Quantcast What to buy to convert videotape to DVD? - digitalFAQ Forum
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03-06-2016, 04:06 PM
colas colas is offline
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I am nearly finished putting together a custom build PC, only to discover an oversight. I have a lot of out-of-print video cassettes that I need to convert to DVD before entropy takes them out. Know little about it, but research suggests my PC needs a video capture card, and TBC card. The latter was easy to find (few choices), but could use some help picking a video capture card. I am hoping for one that will work with both XP Pro and Linux; with composite/RCA inputs. So far, only found this one:

http://www.newegg.com/Product/Produc...82E16815116021

Will it work? Is there a better one? Feedback and recommendations needed.
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03-08-2016, 07:45 AM
sanlyn sanlyn is offline
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Welcome to digitalFAQ.

I assume you've been through the forum's capture guides. There are several parts to the guides shown on this page: http://www.digitalfaq.com/guides/video.htm. The VHS to digital business starts with the heading "Video Capturing / Concept Guides" That section includes
- "Introduction to Capturing & Recording Video"
- "Understanding Your Source"
- "Playback Hardware Suggestions (VCRs and TBCs)" and a couple of other chapters.

Farther down near the middle of the page at http://www.digitalfaq.com/guides/video.htm is an important section under the heading "Restore Video". There is only one chapter: "Introduction to Restoring Video". While it's basic intro-only, I suggest you take a look before deciding on the method and equipment you want to use for capture.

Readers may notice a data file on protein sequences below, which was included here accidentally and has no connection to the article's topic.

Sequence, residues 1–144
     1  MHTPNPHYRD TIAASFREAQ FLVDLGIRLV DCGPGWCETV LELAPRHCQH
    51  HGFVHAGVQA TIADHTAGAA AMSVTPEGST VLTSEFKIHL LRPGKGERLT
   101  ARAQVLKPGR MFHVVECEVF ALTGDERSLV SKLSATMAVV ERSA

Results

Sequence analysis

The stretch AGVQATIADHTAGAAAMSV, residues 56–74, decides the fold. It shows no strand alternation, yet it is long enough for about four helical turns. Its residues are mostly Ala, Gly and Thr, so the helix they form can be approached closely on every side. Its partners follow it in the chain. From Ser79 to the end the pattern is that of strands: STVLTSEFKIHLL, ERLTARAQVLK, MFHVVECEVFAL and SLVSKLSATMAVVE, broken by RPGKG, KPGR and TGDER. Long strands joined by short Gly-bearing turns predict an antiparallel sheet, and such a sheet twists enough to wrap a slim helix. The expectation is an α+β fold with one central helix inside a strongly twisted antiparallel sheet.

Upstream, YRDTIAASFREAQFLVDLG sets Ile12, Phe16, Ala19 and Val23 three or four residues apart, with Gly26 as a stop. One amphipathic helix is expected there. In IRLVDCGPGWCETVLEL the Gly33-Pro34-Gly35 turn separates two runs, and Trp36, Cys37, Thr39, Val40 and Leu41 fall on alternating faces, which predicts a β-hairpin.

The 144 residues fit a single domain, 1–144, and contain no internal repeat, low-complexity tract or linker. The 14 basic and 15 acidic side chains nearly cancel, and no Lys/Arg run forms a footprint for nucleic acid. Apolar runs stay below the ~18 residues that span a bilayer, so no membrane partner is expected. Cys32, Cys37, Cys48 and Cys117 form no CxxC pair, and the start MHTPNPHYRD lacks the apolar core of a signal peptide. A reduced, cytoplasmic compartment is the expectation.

Many don't bother with restoration. What they get is noise-infested video that's annoying to watch. They blame results on VHS itself. That blame is partially justified, but what's more at fault is either bad post-processing or no post-processing. Anyone who thinks VHS is supposed to look horrible is either uninformed or simply accepting of low graphics standards. People often won't accept a bad or sloppy photo print or a bad wedding album job from a drug store or photographer without asking for a re-work or a refund. But they accept low quality video work from their own PC's and blame it entirely on the tape. Poor results aren't exclusive to analog sources: we've seen plenty of digital sources that were damaged or ruined using poor transfer and processing methods.

You didn't mention what player you use to play your tapes. Good quality begins with the player, not elsewhere. The quality of the player affects all subsequent operations.

Quote:
Originally Posted by colas View Post
I have a lot of out-of-print video cassettes that I need to convert to DVD
"Out-of-print" suggests retail movie tapes or old TV series. I still have about 15 remaining from my old collection (I saved the worst for last, so I guess I still have some work ahead LOL!). Video based on movie film sources, which includes a lot of TV shows, involves Macrovision. Not all retail tapes are copy protected. Those that are, require a frame-level external tbc. The frame tbc is inserted between the player and the capture device. For analog tape you'll also need another type of tbc, called a line-level tbc. A line tbc is either built into the player or inserted after the player and before the frame tbc.

Quote:
Originally Posted by colas View Post
research suggests my PC needs a video capture card, and TBC card. The latter was easy to find (few choices), but could use some help picking a video capture card. I am hoping for one that will work with both XP Pro and Linux; with composite/RCA inputs. So far, only found this one:

http://www.newegg.com/Product/Produc...82E16815116021